On September 5, 2019, Giuseppe Conte is still Prime Minister, but from an executive alliance between the 5-Star Movement and the Democratic Party, more pro-European than before. Anti-European sentiment waned and waned further when Giuseppe Conte was replaced by Mario Draghi on February 13, 2021. In this political context, on October 10, 2020, the Italian government decided that Alitalia should reorganize itself as Italia Trasporto Aereo SpA (ITA). We do not have access to information about the background to this decision. Margrethe Vestager announced that the commission is analyzing the existence of continuity between Alitalia and ITA and all of this is happening with the ongoing 2018 ‘deep investigation’. There appears to be political commitment on the part of the commission, perhaps because it identifies the international trade agreement as the least worrisome way to push Alitalia into bankruptcy.
But conditions are imposed…
On January 8, 2021, the committee’s letter imposed two conditions on the ITA, with several demands on the business plan presented by the company. ITA was restructured in Alitalia, but with a break between the two companies. Among other conditions, not to mention aircraft, workers with “new contracts of employment” and “significantly reduced numbers”, purchase of the Alitalia brand in public tender, reduction of vacancies, control of growth until 2025 and so on. This reveals that the ITA must respect the principle of a market economy operator (MEOP) and, in short, it must assess whether a private investor operating under normal market conditions would make the same investment. Hence it is necessary to highlight the state capital (1350 million euros) which must be paid as if it were a private investor.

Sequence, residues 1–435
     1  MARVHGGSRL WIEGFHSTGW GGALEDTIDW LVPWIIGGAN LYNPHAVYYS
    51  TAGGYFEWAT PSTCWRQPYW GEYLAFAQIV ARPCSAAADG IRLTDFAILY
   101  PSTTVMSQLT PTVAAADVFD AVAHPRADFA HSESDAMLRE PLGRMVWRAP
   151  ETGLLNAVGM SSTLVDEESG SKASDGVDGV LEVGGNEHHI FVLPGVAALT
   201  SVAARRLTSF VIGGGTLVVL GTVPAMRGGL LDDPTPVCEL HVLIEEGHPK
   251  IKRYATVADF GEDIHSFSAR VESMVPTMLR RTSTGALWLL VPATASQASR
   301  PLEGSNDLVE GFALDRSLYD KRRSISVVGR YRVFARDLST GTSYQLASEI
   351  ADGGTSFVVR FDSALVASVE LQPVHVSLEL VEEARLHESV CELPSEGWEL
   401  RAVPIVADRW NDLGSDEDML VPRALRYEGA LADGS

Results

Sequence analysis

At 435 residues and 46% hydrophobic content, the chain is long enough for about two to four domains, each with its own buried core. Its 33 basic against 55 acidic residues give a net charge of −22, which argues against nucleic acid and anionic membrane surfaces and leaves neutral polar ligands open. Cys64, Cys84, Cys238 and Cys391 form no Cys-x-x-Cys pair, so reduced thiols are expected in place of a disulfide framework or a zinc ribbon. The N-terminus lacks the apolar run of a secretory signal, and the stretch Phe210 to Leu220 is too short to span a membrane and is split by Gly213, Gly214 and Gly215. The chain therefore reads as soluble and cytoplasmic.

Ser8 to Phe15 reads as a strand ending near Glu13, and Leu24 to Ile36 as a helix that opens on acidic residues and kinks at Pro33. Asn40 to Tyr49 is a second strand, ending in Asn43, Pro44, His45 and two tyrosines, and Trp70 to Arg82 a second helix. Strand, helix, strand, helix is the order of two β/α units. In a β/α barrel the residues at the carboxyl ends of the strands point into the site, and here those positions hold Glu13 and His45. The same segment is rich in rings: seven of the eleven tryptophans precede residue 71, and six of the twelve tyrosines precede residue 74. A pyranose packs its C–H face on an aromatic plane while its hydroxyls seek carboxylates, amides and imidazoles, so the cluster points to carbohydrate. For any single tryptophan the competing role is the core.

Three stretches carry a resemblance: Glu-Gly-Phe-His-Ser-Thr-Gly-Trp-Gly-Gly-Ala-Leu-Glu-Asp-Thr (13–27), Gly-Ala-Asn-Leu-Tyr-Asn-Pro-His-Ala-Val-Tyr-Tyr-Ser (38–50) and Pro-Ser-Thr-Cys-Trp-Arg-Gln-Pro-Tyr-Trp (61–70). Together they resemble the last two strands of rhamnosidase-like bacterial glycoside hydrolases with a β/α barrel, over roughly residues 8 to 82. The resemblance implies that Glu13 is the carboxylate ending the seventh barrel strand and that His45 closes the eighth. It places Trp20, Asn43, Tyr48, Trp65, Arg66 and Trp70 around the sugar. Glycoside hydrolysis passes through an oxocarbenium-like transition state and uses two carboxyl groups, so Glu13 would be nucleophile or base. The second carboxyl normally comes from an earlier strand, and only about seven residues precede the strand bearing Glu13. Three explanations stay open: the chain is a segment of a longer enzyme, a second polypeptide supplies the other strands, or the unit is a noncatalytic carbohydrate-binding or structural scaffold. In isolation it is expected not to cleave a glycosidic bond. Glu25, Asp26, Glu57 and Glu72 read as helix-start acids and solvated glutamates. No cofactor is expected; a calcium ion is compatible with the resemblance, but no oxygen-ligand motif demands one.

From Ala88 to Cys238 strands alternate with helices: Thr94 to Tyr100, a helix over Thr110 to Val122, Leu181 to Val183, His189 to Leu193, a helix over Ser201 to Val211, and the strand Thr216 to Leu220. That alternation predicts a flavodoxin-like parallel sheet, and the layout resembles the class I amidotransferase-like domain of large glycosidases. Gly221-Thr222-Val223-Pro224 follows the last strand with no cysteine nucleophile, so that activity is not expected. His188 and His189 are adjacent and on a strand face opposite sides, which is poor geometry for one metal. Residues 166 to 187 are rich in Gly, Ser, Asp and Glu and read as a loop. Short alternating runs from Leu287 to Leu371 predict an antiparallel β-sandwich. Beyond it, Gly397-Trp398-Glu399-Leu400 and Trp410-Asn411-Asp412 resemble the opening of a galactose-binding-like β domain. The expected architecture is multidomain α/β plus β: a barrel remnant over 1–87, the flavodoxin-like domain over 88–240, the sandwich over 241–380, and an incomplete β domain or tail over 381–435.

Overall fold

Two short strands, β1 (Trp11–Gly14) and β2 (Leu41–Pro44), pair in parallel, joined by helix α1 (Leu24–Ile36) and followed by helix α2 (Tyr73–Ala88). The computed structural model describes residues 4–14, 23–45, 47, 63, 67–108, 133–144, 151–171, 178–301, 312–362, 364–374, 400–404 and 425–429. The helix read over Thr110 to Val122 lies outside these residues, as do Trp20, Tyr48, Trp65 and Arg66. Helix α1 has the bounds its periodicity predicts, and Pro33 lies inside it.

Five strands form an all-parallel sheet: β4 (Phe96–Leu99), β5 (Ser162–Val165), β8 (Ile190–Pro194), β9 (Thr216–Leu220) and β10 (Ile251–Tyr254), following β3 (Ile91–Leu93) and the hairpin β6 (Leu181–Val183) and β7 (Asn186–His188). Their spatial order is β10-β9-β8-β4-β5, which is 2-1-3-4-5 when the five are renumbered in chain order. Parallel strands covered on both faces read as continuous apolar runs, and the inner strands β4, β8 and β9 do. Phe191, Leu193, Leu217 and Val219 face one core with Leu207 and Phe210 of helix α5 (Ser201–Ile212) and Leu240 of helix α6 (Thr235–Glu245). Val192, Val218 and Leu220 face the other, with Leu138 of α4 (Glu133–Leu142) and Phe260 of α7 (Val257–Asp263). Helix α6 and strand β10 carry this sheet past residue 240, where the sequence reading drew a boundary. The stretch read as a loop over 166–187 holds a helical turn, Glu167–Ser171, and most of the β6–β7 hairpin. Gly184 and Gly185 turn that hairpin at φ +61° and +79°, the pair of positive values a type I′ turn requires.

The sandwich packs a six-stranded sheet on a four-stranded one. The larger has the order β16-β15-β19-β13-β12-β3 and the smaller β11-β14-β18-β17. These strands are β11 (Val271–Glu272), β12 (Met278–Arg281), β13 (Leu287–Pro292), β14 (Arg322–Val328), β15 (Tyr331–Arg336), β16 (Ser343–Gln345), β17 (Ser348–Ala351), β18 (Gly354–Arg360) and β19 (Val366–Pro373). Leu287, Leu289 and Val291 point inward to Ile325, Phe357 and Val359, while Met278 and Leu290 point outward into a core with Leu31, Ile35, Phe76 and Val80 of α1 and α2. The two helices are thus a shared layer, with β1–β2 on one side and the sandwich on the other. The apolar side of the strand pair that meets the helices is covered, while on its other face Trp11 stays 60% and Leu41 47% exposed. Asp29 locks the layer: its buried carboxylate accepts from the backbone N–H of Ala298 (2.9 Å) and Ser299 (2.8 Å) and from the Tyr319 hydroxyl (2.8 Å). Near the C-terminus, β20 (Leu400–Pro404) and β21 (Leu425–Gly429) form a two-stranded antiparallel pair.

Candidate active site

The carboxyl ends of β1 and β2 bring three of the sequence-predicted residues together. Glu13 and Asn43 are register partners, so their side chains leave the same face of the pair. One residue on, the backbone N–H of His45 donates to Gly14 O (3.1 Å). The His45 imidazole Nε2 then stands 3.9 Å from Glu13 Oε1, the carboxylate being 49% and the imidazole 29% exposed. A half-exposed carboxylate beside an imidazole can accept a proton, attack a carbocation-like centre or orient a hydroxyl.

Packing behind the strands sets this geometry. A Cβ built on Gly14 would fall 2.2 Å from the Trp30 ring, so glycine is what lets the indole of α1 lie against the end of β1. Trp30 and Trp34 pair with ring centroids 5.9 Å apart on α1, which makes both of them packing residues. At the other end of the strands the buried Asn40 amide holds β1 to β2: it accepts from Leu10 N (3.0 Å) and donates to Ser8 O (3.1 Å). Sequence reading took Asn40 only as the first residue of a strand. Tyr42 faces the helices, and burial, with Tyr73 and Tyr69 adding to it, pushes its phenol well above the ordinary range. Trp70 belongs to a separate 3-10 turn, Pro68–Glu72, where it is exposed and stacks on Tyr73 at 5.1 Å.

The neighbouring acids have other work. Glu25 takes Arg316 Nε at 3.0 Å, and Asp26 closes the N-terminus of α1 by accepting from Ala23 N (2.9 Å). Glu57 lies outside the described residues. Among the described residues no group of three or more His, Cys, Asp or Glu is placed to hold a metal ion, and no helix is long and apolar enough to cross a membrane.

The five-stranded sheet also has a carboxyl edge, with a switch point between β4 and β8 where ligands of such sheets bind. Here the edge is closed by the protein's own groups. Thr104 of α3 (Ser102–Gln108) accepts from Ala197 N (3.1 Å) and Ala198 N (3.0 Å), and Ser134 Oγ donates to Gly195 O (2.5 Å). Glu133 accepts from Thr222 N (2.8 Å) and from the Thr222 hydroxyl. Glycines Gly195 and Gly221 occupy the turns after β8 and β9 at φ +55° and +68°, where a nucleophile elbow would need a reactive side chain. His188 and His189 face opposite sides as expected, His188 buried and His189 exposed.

What lessons can we draw from TAP?
The first is the practical impossibility of transforming the ongoing restructuring of TAP into a new company characterized by discontinuity with TAP. We will continue to create a new public company organized by Portuguese politicians and Commission officials. Alitalia benefits from the distorted application of European regulations and does not benefit from the TAP, but it may be subject to a decision by the Committee on Medium Commitment to Reality, as happens with the ITA between the January 8 letter and the September 10 Commission statement.
What can you expect?
Staying focused on the Commission’s next decision and the consequences to be drawn, as a state-owned and politicized company added difficulties in meeting the demands of demand in Europe’s open and competitive air transport market. The problem with modest adherence to reality, mentioned above, is that it ends up mandating new government aid for the restructured TAP program, which has been left out in the ten years to 2031. Competitiveness continues to be eroded by unextracted malignancy.